Dear Western University,
I have been on the Dean’s Honor List, worked tirelessly on my faculty council and volunteered countless hours to the Orientation program, yet I am known to certain members of the administration as the girl who was in the psych ward.
My journey accessing Western’s mental health resources (or lack thereof) began in November 2014 when I was booked an appointment within 24 hours of revealing my suicidal ideations. I was shocked how quickly I was able to get an appointment but then again, in my experience, the mere mention of the word “suicidal” quickly grabs the attention of an institution that seem to be more concerned with liability over safety of its students.
Nevertheless, after a psychiatric assessment, I was placed on medication, reassessed two weeks later and then no longer received follow up. I fell through the cracks of an underfunded system and failed to receive counselling as I was promised by my psychiatrist.
My condition deteriorated as I failed to keep up in school, withdrew from my social life and lost pleasure in activities that used to bring me joy. This experience was in no way unique — it is likely the experience of many, though perhaps my interactions with university administration is rather distinctive.
Due to a variety of factors, my condition worsened in my third year at Western. After several suicide attempts, I was admitted to Victoria Hospital. Academically, everything was put on hold. Where things got complicated was in terms of my co-curriculars. I was still interested in maintaining the same commitments as I had in the past, but some university administration and student leaders disagreed with me.
I would like to preface this by saying that as a cisgendered white woman, I despise even labelling my experience as discrimination, but with great hesitation I admit that by definition I have fallen victim to the prejudice of narrow-minded individuals. With no hesitation I believe that my mental illness was used as a factor in a hiring decision for a volunteer position. I was promised that my “standing as an applicant [would] not be compromised in any way” when receiving accommodation.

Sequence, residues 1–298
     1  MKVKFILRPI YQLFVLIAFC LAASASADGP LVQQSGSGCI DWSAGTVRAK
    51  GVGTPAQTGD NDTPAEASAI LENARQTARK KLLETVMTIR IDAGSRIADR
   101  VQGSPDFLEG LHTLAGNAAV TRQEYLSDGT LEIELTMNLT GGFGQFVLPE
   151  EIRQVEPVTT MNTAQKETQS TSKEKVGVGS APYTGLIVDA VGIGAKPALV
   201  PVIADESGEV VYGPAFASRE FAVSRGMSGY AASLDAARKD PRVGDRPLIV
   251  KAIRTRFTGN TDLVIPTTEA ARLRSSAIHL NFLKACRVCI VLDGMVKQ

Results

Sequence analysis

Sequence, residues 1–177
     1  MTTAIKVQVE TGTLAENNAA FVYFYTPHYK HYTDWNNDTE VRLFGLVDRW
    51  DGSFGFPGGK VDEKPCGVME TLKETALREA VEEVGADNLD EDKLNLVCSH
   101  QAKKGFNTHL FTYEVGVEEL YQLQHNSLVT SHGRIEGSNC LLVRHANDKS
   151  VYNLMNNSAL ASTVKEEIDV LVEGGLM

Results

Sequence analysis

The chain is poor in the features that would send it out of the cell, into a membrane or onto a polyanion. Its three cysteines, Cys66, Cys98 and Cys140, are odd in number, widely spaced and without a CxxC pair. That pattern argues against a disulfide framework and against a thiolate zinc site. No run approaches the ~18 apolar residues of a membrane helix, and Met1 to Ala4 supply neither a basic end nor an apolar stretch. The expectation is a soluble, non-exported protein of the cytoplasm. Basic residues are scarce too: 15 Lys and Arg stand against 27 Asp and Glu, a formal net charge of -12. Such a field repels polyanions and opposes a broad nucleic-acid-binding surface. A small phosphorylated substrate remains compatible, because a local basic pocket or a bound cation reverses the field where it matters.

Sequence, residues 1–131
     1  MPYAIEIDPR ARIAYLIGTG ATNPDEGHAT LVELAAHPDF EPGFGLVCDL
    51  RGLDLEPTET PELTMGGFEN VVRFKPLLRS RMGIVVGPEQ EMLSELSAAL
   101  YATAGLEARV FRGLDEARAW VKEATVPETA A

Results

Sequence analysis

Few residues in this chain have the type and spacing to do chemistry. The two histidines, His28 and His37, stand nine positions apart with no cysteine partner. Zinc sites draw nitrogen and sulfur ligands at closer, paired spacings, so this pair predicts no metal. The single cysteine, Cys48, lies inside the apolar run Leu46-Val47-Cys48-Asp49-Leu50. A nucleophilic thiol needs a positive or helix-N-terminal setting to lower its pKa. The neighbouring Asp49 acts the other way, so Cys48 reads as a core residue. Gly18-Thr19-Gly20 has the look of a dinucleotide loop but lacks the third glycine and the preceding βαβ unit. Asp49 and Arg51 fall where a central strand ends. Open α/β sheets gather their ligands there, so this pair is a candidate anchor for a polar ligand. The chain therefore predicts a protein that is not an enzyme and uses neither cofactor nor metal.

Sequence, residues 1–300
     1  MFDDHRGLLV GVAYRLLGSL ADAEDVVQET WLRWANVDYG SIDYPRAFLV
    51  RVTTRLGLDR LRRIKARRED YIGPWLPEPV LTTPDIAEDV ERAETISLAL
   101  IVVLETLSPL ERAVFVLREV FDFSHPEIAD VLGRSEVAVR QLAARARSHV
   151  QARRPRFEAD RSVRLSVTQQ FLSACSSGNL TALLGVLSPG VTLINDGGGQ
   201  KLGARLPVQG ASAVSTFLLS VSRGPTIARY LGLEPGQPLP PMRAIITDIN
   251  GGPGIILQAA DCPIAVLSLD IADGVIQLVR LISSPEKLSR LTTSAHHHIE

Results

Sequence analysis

My “motivations for returning” to this position were brought into question, and I was being asked to sit down one-on-one with one of the student leaders (which is not standard practice). My honesty was used as a weapon against me when I chose to disclose the details of my hospital stay. Deliberations that were supposed to be supervised were tainted by the discussion of my mental health. None of these individuals have the qualifications or experience to assess me or make fundamental decisions based on very limited information: they are not experts.
I was mistaken that when applying to a program that prides itself on acceptance, respect and mental wellness, my qualifications and experience would be taken seriously. Regardless, I am the only individual to my knowledge who was rejected post-interview as a returning member. My weeks at the hospital were not a result of any university student or administrator, but my mental state was further affected by the difficulty of the process and the way I was treated by individuals involved.
I fought tirelessly to reverse the decision made by individuals who were so quick to judge my ability to perform. There were countless emails exchanged between myself and relevant university employees. When I questioned inconsistent information during a phone call, I was received with a shocking tone that practically questioned my sanity. I wasn’t treated with any compassion. There was even a scheduled face-to-face meeting with a university employee.
When I cancelled this meeting the night before due to an unbearable amount of anxiety, another university employee proceeded to call my parents in order to “make sure I was okay.” Why didn’t they call me, you ask?
I believe they were interested in assessing whether I was alive or not, to see if they had another suicide on their hands: they weren’t so much concerned for my safety but whether or not they had a liability brewing. As a result, my confidentiality was breached as I had never given permission for my parents to be called.
To this day, three months after I had been discharged from the hospital, there still seems to be gossiping of my stay. When I had introduced myself to a university employee who I had never spoken with, they asked me “Wait, Anastasia? The one in the hospital?”
Some students complain about how they’re only defined as their student number. Imagine being defined by your time of weakness, rather than your courage by taking charge of your mental illness. I’m not ashamed of having been a psychiatric patient for seven weeks. I’m ashamed that the individuals involved are planning an event around mental health for first-year students this September. Further, I’m ashamed of calling myself a student at a university that boasts about their efforts to end the stigma.
— Anastasia Lemon
Fourth-year MOS & Psychology